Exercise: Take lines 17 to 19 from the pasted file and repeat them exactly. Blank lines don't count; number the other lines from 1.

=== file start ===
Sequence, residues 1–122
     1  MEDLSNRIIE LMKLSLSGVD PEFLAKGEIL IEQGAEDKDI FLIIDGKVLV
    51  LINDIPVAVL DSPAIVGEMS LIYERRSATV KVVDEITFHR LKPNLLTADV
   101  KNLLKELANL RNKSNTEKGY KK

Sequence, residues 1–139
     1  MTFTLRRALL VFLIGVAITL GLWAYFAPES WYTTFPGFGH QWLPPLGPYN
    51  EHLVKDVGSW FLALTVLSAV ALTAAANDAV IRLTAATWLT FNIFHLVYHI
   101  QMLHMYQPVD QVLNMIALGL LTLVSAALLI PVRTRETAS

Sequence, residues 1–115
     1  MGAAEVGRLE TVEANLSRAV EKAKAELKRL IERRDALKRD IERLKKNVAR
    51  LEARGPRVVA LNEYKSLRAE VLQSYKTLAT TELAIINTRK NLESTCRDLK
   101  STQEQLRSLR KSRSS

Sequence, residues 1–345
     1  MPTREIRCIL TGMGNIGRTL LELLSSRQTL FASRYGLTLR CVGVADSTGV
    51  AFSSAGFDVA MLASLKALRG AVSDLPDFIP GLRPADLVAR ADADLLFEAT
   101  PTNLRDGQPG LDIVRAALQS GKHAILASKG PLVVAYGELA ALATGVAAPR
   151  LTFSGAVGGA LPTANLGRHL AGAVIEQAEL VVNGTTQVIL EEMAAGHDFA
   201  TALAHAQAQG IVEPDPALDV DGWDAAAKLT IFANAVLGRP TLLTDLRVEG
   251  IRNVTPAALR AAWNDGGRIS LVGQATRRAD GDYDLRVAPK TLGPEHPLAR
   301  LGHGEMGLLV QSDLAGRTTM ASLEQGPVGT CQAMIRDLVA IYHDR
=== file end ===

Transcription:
   151  LTFSGAVGGA LPTANLGRHL AGAVIEQAEL VVNGTTQVIL EEMAAGHDFA
   201  TALAHAQAQG IVEPDPALDV DGWDAAAKLT IFANAVLGRP TLLTDLRVEG
   251  IRNVTPAALR AAWNDGGRIS LVGQATRRAD GDYDLRVAPK TLGPEHPLAR